Driving Test is a heartfelt factual show that goes behind the scenes of people learning how to drive. From their very first lesson to the test itself, we'll witness the highs and lows and the hits and misses as the drivers and their larger-than-life instructors score them a Pass or Fail. Set in Darwin, the only place in Australia where the driving test must be recorded, we meet people from all walks of life as they're unleashed on the streets. They set off on the ride of their lives hoping to secure the ticket of their dreams – a driver's licence.

Type: Reality

Languages: English

Status: In Development

Runtime: None minutes

Premier: None

Driving Test - Driver's license - Netflix

A driver's license is an official document permitting a specific individual to operate one or more types of motorized vehicles, such as a motorcycle, car, truck, or bus on a public road. The term driver's license is American English; the Canadian English equivalent is driver's licence, and in British English it is driving licence. In this article, the American terminology and spelling is used except where the section refers specifically to British practice. The laws relating to the licensing of drivers vary between jurisdictions. In some jurisdictions, a license is issued after the recipient has passed a driving test, while in others, a person acquires a license before beginning to drive. Different categories of license often exist for different types of motor vehicles, particularly large trucks and passenger vehicles. The difficulty of the driving test varies considerably between jurisdictions, as do factors such as age and the required level of practice. In some international agreements the wording driver's permit is used, for instance in the Vienna Convention on Road Traffic.

Driving Test - History - Netflix

In 1968, the Convention on road traffic, ratified in 1977, further updated these agreements. Other countries in Europe also introduced driving tests during the twentieth century, the last of them being Belgium where, until 1977, it was possible to purchase and hold a license without having to undergo a driving test. As automobile-related fatalities soared in North America, public outcry provoked legislators to begin studying the French and German statutes as models. On August 1, 1910, North America's first licensing law for motor vehicles went into effect in the US state of New York, though it initially applied only to professional chauffeurs. In July 1913, the state of New Jersey became the first to require all drivers to pass a mandatory examination before receiving a license.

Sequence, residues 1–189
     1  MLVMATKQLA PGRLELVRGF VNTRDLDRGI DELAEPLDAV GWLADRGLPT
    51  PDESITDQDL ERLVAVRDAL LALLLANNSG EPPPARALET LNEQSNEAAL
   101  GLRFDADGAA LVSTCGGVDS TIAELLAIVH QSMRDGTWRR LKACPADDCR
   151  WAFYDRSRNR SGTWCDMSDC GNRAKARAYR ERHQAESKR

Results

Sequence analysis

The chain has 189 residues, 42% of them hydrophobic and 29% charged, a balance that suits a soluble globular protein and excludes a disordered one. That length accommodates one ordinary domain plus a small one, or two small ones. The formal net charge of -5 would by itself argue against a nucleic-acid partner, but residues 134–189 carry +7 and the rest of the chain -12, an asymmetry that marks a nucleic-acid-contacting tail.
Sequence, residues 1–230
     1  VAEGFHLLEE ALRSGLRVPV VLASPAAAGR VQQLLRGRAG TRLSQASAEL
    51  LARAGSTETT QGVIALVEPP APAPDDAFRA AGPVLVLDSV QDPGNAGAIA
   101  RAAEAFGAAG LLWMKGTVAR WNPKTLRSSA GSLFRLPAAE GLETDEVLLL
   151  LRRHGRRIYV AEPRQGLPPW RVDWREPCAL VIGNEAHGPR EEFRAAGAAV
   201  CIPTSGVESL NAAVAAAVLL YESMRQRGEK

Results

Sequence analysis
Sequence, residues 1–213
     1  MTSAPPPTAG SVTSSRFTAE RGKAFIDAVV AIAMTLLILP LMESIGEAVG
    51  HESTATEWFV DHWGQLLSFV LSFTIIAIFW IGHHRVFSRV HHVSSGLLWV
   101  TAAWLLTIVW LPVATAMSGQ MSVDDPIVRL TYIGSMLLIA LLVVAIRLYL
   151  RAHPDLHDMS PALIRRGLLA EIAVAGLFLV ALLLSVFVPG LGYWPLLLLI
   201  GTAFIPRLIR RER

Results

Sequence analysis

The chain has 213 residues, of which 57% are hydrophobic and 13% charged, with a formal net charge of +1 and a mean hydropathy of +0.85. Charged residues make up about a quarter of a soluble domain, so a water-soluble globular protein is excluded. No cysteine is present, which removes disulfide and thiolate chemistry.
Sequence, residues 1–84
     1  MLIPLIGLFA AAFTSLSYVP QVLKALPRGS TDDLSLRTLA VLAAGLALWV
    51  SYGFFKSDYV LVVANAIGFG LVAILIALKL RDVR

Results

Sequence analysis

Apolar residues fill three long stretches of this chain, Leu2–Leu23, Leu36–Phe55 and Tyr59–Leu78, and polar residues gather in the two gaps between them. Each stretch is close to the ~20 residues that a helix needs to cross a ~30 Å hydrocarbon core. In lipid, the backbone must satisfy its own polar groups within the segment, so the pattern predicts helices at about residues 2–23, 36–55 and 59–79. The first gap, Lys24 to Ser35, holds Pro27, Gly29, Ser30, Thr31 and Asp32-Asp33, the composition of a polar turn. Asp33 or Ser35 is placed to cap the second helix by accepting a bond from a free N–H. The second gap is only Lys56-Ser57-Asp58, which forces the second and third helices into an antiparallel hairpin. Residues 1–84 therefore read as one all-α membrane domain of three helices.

Karl Benz, inventor of the modern automobile, had to receive written permission from the Grand Ducal authorities to operate his car on public roads in 1888 after residents complained about the noise and smell of his Motorwagen. Up until the start of the 20th century, European authorities issued licenses to drive motor vehicles similarly ad hoc, if at all. Mandatory licensing for drivers came into force on 1 January 1904 after the Motor Car Act 1903 received royal assent in the United Kingdom. Every car owner had to register their vehicle with their local government authority and be able to prove registration of their vehicle on request. The minimum qualifying age was set at 17. The licence gave its holder 'freedom of the road' with a maximum 20 mph (32 km/h) speed limit. Compulsory testing was introduced in 1934, with the passing of the Road Traffic Act. Prussia, then a state within the German Empire, introduced compulsory licensing on September 29, 1903. A test on mechanical aptitude had to be passed and the Dampfkesselüberwachungsverein (“steam boiler supervision association”) was charged with conducting these tests. In 1910, the German imperial government mandated the licensing of drivers on a national scale, establishing a system of tests and driver's education requirements that was adopted in other countries. In 1909, the Convention with Respect to the International Circulation of Motor Vehicles recognize the need of qualifications, examination, and authorization for international driving. In 1929, the notion of International Driving Permit is addressed by international Convention. In 1949, the United Nations defined a convention on road traffic that standardised rules on roads, occupants, rules, signs, driver's licenses and such. It address the notion of driving license for a number of countries, under the wording “driving permit” and declares that its color should be pink.

Driving Test - References - Netflix